Friday, October 17, 2014

Let's Make a Clutch Purse with a Modern Frame

I'm finally able to get into my craft room after a couple of months of tending to other family issues. So today, I decided that it would be fun to demonstrate how to make a clutch purse with a modern frame.

Recently I bought these modern frames from an Etsy shop, Robin, the owner of the shop demonstrated her process with Martha Stewart when she was on Martha's show. How cool is that??? 
Robin's purse
Before beginning, I want to make it known that the design basics and concepts belong to Robin. However in my clutch purse,  I did make some improvements in the gusset area and added a small zipper pocket on the inside. In addition I made a larger purse size from her basic design. So let's begin.

Materials needed:
sewing machine
5/8 yd of decorative fabric for the outside (natural fibers like cotton, linen, silk, etc. work best)
5/8 yd of fabric for the lining and optional zipper pocket
1/2 yd of heavyweight stabilizer (fusible like Pellon 71)
1/2 yd of fleece (fusible or sewn in)
1/4 yd of medium weight interfacing (optional)
5" zipper (optional)
rotary cutter or scissors
pliers for attaching chain
craft glue (one that adheres fabric with metal and the tip is small enough to fit into the metal frame channel)
8" Upstyle modern purse frame of your choice with or without chain handle loops (link below) 

Chain for handle (optional)
3/4" jewelry bar clamps  (optional)
ScotchGuard for Fabrics (optional)

Note: This tutorial is done in measures of inches, but if you would like to know centimeters, the conversion rate is 2.54 cm = 1"

Assembling materials and cutting fabric pieces

Assembled materials
After assembling all the materials, cut two 14" X 18 " pieces of fabric. One for the outside and one for the lining. Now cut a 13" X 17" of the heavyweight stabilizer and of the fleece. On the 17" side, measure down 7". Mark and draw a 1-1/2" line inward from edge. Now measure down 3" from the first mark and draw another 1-1/2" line like the first one. Connect to two inward end points.  Pin the 2 pieces together matching corners. Cut out that rectangular section. (There will be less bulkiness later when making the gusset).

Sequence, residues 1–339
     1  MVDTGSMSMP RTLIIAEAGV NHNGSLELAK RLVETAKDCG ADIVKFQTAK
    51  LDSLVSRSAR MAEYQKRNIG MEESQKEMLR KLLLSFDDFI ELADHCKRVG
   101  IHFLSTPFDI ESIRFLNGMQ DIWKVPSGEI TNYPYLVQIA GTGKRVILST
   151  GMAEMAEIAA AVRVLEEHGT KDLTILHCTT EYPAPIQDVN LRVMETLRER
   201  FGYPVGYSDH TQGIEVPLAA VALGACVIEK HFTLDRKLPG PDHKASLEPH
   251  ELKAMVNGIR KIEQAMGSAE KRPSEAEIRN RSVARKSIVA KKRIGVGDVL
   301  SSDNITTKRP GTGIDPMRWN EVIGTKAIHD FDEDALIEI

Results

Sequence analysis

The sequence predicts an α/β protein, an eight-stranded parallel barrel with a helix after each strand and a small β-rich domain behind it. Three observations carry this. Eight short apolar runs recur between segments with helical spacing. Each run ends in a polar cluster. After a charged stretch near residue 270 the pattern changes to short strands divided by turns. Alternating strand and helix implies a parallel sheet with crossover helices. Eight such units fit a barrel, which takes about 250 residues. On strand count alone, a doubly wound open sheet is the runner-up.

Pin heavyweight stabilizer and fleece together.
Putting the pieces together
Option 1: Center the heavyweight stabilizer to the wrong side of the outside fabric and fuse it together. Then center and fuse the fleece to the stabilizer, making sure the 13" side goes along the13" side of the other cut materials. (Make sure you use manufacture directions for fusible materials).
Option 2: Center and place the 17" side of the fleece along the 17" side of the heavyweight stabilizer. Sew the fleece to the stabilizer 1/2" from the edge all the way around. Then place the heavyweight stabilizer to the wrong side of the outside fabric. Fuse together. This is what it should look like when completed.
Fleece, heavyweight stabilizer and outside fabric fused together.

Zipper pocket insert (optional)
Cut out two 6-3/4" X 6" of the lining fabric and one of a fusible medium weight interfacing. Fuse the interfacing to one side of lining. With right sides together, pin pocket leaving enough space on one side to turn right sides out. Starting at one end of the opening edge, sew 1/2" around the outside edges to the other open edge. Trim; clip corners and turn right side out. Press. Pin zipper to underside of the top of the longer side. Make sure to fold the zipper ends under so they don't show.

Pinned Zipper
Sew the bottom part of the zipper to the top of the pocket using a zipper foot.  With a scrap piece of material, measure and cut a 1" X 3" strip. Fold the edges inward and fold again, making a 3/8" strip. Sew lengthwise. 

Fold both long sides to the middle and then fold again.
sew strips in place and press upwards

Cut the strip in half and place at the pocket edges. Pin into place. Sew the strip in place at the zipper seam line as in photo. Press up towards the top of the zipper. Tuck in the top ends of the zipper tape so they will not show.